always something new under the sun

by | Oct 9, 2018

my good friend, richard sachs, has been building bicycle frames for around 45 years, probably having built more than he cares to remember. on his website he states “The fascination I (once) had with perfection has lately become an interest in elegance. Defining it. Channeling it. Embracing it. I think about how to bring back the elegance because I don’t feel enough of it around in daily life.”. if you’ve ever taken a good long look at richard’s instagram pages or perhaps his previous flickr pages, you will find more than just a few images detailing his daily process of putting together arguably the finest steel bicycle frames in the world.

it would be easy to class him as a luddite; after all, here’s a man still brazing lugged steel frames in his workshop, when the rest of the world is mightily obsessed with the black stuff. how out of touch can mr sachs possibly be? yet, there’s still the matter of the lengthy waiting list. a lot of people still want handmade craftsmanship in these days of cookie cutter carbon. to once more quote richard “Bicycle frames were once made. Now, like almost everything else, they’re manufactured.”

the in-thing nowadays, though the lustre may have tarnished just a smidgeon, is the ubiquitous bike-fit, a habit that’s perhaps not all it’s cracked up to be. i undertook one of those several years ago from london’s premier practitioners and i’d find it hard to deny the beneficial results. however, a more recent bike fit, undertaken at the behest of a bicycle manufacturer, seemed a lot less useful. having checked my every velocipedinal dimension, the bike subsequently sent for review was setup nowhere near the specifications they had provided.

“To this day, there are those who think you need a fitting, have to spend hours in front of a fitter while you’re sweating on a stationary bicycle in some fit studio, and do it all while listening to Olivia Newton John through the earbuds. I listen to other things.”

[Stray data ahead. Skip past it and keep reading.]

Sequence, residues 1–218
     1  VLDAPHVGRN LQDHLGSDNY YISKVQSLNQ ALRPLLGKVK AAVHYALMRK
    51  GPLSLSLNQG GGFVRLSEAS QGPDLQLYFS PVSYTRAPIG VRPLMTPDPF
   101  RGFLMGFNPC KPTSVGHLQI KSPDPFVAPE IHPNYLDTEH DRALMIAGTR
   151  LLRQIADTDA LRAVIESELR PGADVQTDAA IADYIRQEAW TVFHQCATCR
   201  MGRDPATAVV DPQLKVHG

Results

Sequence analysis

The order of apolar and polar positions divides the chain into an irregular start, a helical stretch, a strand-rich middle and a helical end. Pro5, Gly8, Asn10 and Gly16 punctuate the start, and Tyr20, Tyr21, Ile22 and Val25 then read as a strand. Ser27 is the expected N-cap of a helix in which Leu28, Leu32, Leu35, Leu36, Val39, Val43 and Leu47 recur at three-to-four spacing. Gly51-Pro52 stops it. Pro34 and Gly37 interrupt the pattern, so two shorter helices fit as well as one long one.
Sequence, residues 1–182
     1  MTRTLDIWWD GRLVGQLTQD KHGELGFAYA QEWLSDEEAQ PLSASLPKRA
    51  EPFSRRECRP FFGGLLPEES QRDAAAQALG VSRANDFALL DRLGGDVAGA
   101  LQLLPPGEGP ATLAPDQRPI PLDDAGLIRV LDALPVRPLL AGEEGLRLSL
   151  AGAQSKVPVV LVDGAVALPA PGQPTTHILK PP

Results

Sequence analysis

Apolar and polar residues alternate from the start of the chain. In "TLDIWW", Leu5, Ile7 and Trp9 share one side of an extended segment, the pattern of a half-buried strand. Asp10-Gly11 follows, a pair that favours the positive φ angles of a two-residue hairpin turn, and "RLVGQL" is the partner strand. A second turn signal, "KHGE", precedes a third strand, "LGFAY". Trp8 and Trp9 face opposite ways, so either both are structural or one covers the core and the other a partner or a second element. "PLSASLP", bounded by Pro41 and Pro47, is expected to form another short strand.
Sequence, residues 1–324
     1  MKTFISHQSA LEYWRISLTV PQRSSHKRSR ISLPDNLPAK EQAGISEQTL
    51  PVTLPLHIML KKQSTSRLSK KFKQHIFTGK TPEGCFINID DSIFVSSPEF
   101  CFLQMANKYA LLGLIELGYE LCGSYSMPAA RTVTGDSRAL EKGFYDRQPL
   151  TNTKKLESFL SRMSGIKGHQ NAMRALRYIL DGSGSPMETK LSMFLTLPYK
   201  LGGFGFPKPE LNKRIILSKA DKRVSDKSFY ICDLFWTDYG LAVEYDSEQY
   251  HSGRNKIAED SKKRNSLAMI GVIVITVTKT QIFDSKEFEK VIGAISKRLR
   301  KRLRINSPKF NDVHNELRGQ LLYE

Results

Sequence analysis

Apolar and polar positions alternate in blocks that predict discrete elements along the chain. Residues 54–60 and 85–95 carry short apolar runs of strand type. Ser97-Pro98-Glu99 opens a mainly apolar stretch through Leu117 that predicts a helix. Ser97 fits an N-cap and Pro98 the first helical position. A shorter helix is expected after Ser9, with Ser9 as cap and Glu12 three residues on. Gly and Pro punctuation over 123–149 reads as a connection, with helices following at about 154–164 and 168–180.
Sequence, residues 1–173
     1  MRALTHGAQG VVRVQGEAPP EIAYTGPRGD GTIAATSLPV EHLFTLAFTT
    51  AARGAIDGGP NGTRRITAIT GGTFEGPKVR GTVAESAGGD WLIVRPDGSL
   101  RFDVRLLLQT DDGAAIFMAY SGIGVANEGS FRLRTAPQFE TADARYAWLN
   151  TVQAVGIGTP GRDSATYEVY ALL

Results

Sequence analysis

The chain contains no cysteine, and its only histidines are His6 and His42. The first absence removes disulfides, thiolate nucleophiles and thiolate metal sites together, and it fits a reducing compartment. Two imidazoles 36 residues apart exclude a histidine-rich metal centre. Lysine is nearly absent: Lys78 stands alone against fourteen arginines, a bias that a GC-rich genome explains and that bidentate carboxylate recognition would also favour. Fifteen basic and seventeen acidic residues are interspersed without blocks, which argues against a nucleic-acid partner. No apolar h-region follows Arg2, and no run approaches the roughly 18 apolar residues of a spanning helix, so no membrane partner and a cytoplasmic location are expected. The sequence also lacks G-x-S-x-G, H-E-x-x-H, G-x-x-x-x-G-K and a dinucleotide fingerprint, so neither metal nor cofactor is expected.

granted, my quoting of richard sachs is a tad disingenuous, for were we all to realise the error of our ways, there’s not a chance in connecticut that the man could supply us all with bicycles on which to undertake the sunday morning ride. and despite that much hyped waiting list, mr sachs has hardly been his finest public relations manager, insisting that nowadays, he can see no good reason to order a custom frame unless you’re very tall or very small. the bicycles i currently own fit me just fine thank you very much, yet there’s probably nothing i’d like more in the bike shed, than a richard sachs bicycle.

the upside – or downside, depending on your point of view – is that ordering a bicycle frame from richard entails a few necessitous measurements and payment of the required deposit. the bicycle you’ll eventually receive is the bicycle, based on those 45 years of experience, that richard is prepared to build, as near as dammit, the same as the one that preceded it. there’s no point in asking for a slew of custom features.

after all, who knows best?

of course, bicycles were being built long before richard sachs learned to use a brazing torch, each constructed for the purpose to which it would ultimately be suited. no sense in building race geometry into a bicycle that will eventually have a wicker basket on the front, cossetting a small, short-haired terrier. however, no matter the skills possessed by the experts, the majority of whom will provide features that distinguish their wares from the manufactured majority, the wide variety of machinery currently commercially available seems to have pretty much every base covered. from mountain bikes with their three differing wheel sizes, full-suspension, hardtails and rigid, through cyclocross and so-called gravel bikes, to commuting cycles with flat bars and eventually onto drop bar road bikes with their sporting pretensions. and that’s to say nothing of electric bikes.

so why, therefore, has a cycle company based in southern england, spent two years of research and development accompanied by twelve months of listening to customer feedback in order to produce their latest adventure bike? is the bicycle world really that impenetrable?

richard sachs

monday 29 october 2018